> doesn't work with package BLARF", where the original submitter has
> never responded to requests to try and reproduce the bug.

The bug logs show no attempt to contact the original submitter on all the
ones I've checked.

> Yet I don't take them out because it's impossible to know if they're
> fixed.  Should I pretend I know they are?

No, but you could at least note the situation in the logs.  You could try to
reproduce the problem.  You could ask the original submittor to try it with
a recent version.  You could ask people in -devel to try it with a recent
version.  If the original submitter does not reply, or says that it cannot
be reproduced with a recent version, then you are within your rights to
close the bug.

> Also, please remember that we're in a freeze of a release, and we have
> a large number of other packages in flux (glib/gtk, for instance), so
> it is not inappropriate---although maybe conservative---to see if
> they're going to settle down before making new releases of things that
> people aren't clamoring for.

There's no reason for the freeze of slink to keep you from releasing things
into potato.  Things are only made worse if bugs are left in the
distribution any longer than necessary.

> Try the bug system.  That's what it's there for!

I have.  You've ignored one of my bug reports for 470 days, another for 451
days, two for 406 days, libwww-perl went without comment for 16 days.

This is not the first time I've had to NMU your packages, either.  And
looking at the accumulation of "Fixed" bugs, it looks like I'm not the only
one to have to do so.

I've had to twice NMU libapache-mod-put, my bug report for which you have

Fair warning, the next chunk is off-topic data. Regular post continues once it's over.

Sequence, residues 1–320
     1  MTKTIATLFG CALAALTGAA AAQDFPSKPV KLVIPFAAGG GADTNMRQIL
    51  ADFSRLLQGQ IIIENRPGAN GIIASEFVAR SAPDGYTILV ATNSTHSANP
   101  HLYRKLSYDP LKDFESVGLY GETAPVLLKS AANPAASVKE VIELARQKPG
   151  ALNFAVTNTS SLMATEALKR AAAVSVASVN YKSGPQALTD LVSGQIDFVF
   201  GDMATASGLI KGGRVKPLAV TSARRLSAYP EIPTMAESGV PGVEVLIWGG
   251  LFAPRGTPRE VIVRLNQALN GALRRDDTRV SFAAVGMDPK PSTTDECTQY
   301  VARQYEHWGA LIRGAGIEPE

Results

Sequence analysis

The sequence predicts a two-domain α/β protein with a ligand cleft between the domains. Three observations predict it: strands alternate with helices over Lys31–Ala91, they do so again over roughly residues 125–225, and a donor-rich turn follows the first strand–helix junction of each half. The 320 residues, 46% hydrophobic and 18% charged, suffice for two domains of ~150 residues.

ignored for 108 days.  That one, I reported a bug on Oct 19 and waited until
Oct 24 to fix.  I am unsure at the moment if I've released the second NMU of
that; it looks like that one has not been uploaded.  Again, no e-mail at all
for over 100 days.

> You reference two packages that have two bugs 43, 39 and 16 days
> old---one of which is marked wishlist and has data-loss implications
> if handled badly, to boot---and talk about how "important project
> packages are ignored?"

You have ignored bugs in sysutils, an important one.

> Why aren't you doing NMUs of dpkg, then?  It's vastly more important
> than the two packages you referenced, and in much worse shape.

Because I do not have the necessary knowledge to heck dpkg's source.

> Really, reply if you wish, but I'll tell you up front that I won't
> continue to participate in this conversation if you continue with the
> tone you have established.

If you intend to trivialize ignoring bugs for hundreds of days, we can
always take the thread to -devel.  I have been writing you privately because
I am hoping to get some positive response this way without causing any undue
embarassment in public.